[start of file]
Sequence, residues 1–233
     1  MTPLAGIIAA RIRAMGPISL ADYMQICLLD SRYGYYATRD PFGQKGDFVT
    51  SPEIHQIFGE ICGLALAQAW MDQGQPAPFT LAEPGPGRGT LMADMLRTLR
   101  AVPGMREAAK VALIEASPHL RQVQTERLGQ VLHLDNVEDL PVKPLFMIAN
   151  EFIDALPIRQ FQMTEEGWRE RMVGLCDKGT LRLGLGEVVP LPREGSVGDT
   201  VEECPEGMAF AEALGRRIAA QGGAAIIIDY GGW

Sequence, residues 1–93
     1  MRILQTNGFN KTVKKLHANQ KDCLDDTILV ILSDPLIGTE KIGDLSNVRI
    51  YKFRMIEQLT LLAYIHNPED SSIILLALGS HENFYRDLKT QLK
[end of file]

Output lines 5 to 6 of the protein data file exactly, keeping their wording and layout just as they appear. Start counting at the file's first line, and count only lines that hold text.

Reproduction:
   151  EFIDALPIRQ FQMTEEGWRE RMVGLCDKGT LRLGLGEVVP LPREGSVGDT
   201  VEECPEGMAF AEALGRRIAA QGGAAIIIDY GGW